Hydrophilic, Potent, and Selective 7-Substituted 2-Aminoquinolines as Improved Human Neuronal Nitric Oxide Synthase Inhibitors.Pensa, A.V., Cinelli, M.A., Li, H., Chreifi, G., Mukherjee, P., Roman, L.J., Martasek, P., Poulos, T.L., Silverman, R.B.
(2017) J. Med. Chem. 60: 7146-7165
- PubMed: 28776992
- DOI: 10.1021/acs.jmedchem.7b00835
- Primary Citation of Related Structures:
- PubMed Abstract:
Neuronal nitric oxide synthase (nNOS) is a target for development of antineurodegenerative agents. Most nNOS inhibitors mimic l-arginine and have poor bioavailability. 2-Aminoquinolines showed promise as bioavailable nNOS inhibitors but suffered from ...
Neuronal nitric oxide synthase (nNOS) is a target for development of antineurodegenerative agents. Most nNOS inhibitors mimic l-arginine and have poor bioavailability. 2-Aminoquinolines showed promise as bioavailable nNOS inhibitors but suffered from low human nNOS inhibition, low selectivity versus human eNOS, and significant binding to other CNS targets. We aimed to improve human nNOS potency and selectivity and reduce off-target binding by (a) truncating the original scaffold or (b) introducing a hydrophilic group to interrupt the lipophilic, promiscuous pharmacophore and promote interaction with human nNOS-specific His342. We synthesized both truncated and polar 2-aminoquinoline derivatives and assayed them against recombinant NOS enzymes. Although aniline and pyridine derivatives interact with His342, benzonitriles conferred the best rat and human nNOS inhibition. Both introduction of a hydrophobic substituent next to the cyano group and aminoquinoline methylation considerably improved isoform selectivity. Most importantly, these modifications preserved Caco-2 permeability and reduced off-target CNS binding.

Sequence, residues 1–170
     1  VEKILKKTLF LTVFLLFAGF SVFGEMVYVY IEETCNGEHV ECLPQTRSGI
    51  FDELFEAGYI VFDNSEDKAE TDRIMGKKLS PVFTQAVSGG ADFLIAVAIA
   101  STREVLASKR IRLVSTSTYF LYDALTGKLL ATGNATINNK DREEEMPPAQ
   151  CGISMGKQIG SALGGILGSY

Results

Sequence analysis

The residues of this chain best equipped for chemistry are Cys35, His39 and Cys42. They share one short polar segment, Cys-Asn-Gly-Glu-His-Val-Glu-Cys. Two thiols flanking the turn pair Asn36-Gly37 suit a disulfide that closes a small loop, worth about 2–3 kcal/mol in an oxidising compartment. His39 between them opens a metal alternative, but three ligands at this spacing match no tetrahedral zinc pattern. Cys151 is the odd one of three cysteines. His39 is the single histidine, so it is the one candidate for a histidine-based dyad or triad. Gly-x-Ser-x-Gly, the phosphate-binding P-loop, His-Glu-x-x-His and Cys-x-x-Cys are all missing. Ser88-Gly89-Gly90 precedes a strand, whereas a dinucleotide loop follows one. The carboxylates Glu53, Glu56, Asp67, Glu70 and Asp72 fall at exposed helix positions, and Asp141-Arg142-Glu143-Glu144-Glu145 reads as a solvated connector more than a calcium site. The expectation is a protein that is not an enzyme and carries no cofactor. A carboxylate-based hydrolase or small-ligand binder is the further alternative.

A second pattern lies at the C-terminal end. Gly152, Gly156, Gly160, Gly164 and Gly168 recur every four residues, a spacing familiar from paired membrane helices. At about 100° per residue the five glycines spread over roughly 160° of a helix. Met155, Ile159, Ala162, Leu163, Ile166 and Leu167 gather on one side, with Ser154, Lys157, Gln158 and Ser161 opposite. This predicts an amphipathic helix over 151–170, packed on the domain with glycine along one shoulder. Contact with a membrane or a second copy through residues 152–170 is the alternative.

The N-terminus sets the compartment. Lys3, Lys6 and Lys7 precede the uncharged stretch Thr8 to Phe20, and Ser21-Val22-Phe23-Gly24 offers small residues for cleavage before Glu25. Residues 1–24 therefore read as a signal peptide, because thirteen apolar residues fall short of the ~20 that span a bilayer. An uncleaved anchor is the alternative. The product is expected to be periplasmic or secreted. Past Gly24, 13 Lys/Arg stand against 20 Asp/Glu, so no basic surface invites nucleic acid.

Department of Chemistry, Department of Molecular Biosciences, Chemistry of Life Processes Institute, Center for Molecular Innovation and Drug Discovery, Northwestern University , Evanston, Illinois 60208-3113, United States.,Department of Pediatrics and Center for Applied Genomics, First School of Medicine, Charles University and BIOCEV 121 08 Prague, Czech Republic.,Departments of Molecular Biology and Biochemistry, Pharmaceutical Sciences, and Chemistry, University of California , Irvine, California 92697-3900, United States.,Department of Biochemistry, University of Texas Health Science Center , San Antonio, Texas 78384-7760, United States.